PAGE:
It’s good to get away

 One of the oddest things about New Zealand is the incredible enthusiasm most people have for 'getting away'. Given the size of the country, it’s pretty tough to get really far away from whatever moves you to flee the nest several times a year. I tend to be a bit cynical about it all really. It seems to me that most people getting away from 'it all' want to pack most it of 'it all' in the car with them, before heading off with thousands of fellow motorists in an endeavour to find somewhere as unpopulated as the city or town they've just abandoned.

Prior to my sight problem, I found this spasmodic nomadic frenzy hard to adopt, it just seemed that the packing and travelling induced more stress than the stress you were trying to get rid of in the first place. 

These days I am excused from the annual search for sea and solitude on compassionate grounds. Apart from blindness, I have a condition known as 'chronic grumpiness', which prevents me from doing anything I don't enjoy. But even the most afflicted must travel from time to time and, in that event, I hope the following tips will help fellow sufferers and their travelling companions.

Pack frugally, you don’t need the fripperies that others can’t leave home without. Remember you're not going to a fashion show. Think small and essential - it saves you from the 'have you seen my' scenario which involves frantic searches for stuff you probably didn't bring in the first place.

Always, always pack two pairs of glasses. If you need more than that, stay home! It’s just not going to work for you.

When flying, I usually adopt a confused and vulnerable attitude at the airport terminal. This usually puts the ball firmly back in the airlines court. They don't want you clogging things up, so they prefer to stick you towards the front of the plane, which is handy to the toilet and the exit door. It’s a win-win situation for everybody. After all, who wants an aisle seat with some old geezer with a weak bladder bumbling up and down in search of the loo? Being close to the door is also a plus. Boarding a plane is a pretty ordered affair, but when it comes to getting off, it always seems as if a civilised stampede is about to happen. For everyone’s convenience and safety, I'm better off out of the way. And of course, it gets me to the baggage claim early.

On arrival, if you become separated from your companion, don’t panic. It’s not like being stranded in the supermarket. Airports have lots of people wandering around looking for someone to help, so try to look bemused and isolated. Do remember to practise this at home, it’s important. The routine serves two major purposes; it enables staff to parade you through the concourse on a sort of "see, I found one!" victory lap. Secondly, and more importantly, your helper has powers akin to Moses, regardless of gender or official trappings, they part the waters of procedure without breaking step. For you, procedure does not exist. You and your baggage don't need to stand in line. You breeze past immigration, passport control and airport security with endless lines of ordinary travellers gazing on enviously.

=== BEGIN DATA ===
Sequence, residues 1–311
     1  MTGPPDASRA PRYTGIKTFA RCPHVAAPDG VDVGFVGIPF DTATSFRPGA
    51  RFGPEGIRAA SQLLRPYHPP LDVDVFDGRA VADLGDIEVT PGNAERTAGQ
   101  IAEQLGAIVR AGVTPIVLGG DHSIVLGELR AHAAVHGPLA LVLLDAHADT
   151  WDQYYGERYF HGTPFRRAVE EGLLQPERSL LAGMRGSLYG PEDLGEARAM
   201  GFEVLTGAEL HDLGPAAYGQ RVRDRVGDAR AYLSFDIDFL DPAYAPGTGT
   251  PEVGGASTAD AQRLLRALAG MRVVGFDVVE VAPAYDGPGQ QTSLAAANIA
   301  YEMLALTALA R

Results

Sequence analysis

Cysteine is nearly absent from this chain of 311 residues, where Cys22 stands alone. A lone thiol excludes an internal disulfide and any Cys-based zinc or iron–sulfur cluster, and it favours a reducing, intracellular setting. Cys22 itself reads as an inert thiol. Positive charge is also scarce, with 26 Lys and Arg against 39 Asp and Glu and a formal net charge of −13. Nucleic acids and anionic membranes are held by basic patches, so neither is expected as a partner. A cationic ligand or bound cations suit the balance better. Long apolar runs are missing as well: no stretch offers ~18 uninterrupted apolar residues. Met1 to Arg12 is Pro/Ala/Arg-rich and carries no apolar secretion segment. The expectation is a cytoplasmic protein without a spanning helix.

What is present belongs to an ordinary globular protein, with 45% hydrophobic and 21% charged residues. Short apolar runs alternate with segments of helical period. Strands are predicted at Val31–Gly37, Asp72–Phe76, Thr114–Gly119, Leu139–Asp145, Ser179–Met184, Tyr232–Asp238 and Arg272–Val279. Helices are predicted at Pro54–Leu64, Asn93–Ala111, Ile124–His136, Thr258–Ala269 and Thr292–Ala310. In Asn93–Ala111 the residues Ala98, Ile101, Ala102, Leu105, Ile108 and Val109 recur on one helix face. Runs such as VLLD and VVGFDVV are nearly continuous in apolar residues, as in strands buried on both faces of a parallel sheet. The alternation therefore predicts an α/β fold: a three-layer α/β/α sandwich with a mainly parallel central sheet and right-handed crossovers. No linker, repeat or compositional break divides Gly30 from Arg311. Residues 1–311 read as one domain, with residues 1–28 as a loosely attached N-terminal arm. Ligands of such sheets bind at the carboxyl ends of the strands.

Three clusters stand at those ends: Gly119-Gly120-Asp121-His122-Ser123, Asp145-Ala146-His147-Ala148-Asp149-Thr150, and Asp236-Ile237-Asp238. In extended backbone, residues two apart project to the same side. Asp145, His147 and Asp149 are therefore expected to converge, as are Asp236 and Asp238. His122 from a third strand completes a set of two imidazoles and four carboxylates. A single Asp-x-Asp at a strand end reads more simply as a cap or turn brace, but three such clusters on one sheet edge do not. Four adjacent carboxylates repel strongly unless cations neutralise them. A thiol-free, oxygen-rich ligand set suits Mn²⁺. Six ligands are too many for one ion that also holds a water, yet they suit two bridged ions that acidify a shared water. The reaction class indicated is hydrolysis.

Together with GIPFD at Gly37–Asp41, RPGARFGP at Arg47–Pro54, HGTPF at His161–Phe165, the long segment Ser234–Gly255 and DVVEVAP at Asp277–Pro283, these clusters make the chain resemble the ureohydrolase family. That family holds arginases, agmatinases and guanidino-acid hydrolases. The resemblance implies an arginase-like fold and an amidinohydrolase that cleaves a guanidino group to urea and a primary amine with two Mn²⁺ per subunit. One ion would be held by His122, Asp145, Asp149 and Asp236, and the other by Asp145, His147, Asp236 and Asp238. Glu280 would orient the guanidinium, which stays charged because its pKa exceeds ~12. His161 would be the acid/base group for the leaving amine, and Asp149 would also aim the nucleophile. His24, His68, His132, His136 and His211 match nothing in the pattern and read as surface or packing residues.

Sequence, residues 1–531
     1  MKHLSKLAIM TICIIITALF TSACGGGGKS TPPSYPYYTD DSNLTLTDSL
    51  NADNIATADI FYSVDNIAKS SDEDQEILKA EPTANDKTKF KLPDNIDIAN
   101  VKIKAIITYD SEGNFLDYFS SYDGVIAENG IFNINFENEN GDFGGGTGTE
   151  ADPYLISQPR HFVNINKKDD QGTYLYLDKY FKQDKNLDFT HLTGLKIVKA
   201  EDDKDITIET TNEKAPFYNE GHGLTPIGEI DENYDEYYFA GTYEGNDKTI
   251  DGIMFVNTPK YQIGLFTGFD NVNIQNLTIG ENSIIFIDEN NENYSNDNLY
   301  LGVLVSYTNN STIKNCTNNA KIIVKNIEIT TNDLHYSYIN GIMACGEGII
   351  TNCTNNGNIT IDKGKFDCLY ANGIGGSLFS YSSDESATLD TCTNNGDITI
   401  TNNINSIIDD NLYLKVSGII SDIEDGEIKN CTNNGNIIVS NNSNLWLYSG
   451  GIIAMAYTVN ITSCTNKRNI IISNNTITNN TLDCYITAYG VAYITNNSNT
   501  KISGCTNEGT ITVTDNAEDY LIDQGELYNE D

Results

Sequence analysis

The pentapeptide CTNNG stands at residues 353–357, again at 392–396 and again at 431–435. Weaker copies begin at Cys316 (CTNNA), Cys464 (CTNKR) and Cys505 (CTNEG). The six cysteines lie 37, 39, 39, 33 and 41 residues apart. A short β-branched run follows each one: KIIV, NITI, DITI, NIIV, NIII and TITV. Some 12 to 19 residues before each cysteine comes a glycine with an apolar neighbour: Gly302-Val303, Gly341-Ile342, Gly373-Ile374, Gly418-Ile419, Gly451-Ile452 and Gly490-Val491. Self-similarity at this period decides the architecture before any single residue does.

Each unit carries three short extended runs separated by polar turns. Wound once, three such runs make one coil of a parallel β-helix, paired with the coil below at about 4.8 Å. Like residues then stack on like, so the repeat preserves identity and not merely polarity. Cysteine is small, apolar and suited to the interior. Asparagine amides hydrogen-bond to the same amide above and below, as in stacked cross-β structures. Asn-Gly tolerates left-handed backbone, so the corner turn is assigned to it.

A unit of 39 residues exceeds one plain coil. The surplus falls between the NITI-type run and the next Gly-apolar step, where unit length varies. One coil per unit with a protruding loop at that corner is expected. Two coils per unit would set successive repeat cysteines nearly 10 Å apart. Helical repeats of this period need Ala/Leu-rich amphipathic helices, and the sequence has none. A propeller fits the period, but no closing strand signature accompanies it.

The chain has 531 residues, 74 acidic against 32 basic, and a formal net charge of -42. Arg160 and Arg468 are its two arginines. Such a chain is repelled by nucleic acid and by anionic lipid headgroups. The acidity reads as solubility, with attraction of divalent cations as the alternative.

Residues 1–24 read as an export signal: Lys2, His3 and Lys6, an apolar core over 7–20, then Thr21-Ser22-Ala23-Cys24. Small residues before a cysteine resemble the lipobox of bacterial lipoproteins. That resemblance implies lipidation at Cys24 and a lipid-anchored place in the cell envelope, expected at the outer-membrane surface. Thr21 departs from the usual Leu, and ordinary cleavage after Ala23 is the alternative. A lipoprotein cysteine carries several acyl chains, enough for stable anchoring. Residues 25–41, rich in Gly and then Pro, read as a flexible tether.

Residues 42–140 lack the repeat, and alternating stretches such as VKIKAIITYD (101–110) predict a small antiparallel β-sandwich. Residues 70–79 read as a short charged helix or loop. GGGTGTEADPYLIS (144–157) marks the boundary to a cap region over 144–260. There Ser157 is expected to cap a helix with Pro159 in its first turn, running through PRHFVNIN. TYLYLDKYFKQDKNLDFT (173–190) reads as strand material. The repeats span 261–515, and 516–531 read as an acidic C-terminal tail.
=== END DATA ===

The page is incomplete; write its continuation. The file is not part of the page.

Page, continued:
Past that, relatives whisk you outside and prop you up against the car in the ‘no waiting’ area whilst they go back for the baggage. The parking attendant, whose basic instinct is to slap tickets on anything with wheels, becomes your friend and guardian until the baggage is loaded and watches you safely drive away... ticketless.

Generally speaking, buses and I don't really click. This is more my fault than theirs. The problem is mainly that they know the system and I don't. For them, destination means some bloody great garage out in the sticks and bus stops are just minor irritants on the way. For me, destination isn't quite so prescribed and easily arrived at. Put simply, the 'operator' (what happened to drivers?) knows his route and timetable. Sure, the timetable is posted for all to see, but you need a microscope to read it. At the risk of incurring the wrath of the public transport authority, I feel that buses should be treated with caution or avoided altogether as far as the elderly and poor sighted people are concerned.

Travel, I have decided, is not for me. Fighting fellow motorists for 12 yards of forward progress, battling winged insects for food, or trying to convince airport security that owning a keyring Swiss Army Knife doesn't make you a terrorist are barriers for those unable to embrace the joys of the 'status quo'. Personally, I like 'it' far too much to go to the trouble of getting away from it at all.

Born in the UK, our “white caner” columnist, Trevor Plumbly, a retired arts and antiques dealer and former owner of Plumbly’s Auction House in Dunedin, was diagnosed with retinitis pigmentosa 15 years ago. In 2008, when sight loss put a stop to the antiques dealing, Trevor and his wife Pam relocated to Auckland to be closer to family.  

Bottom Banner Advert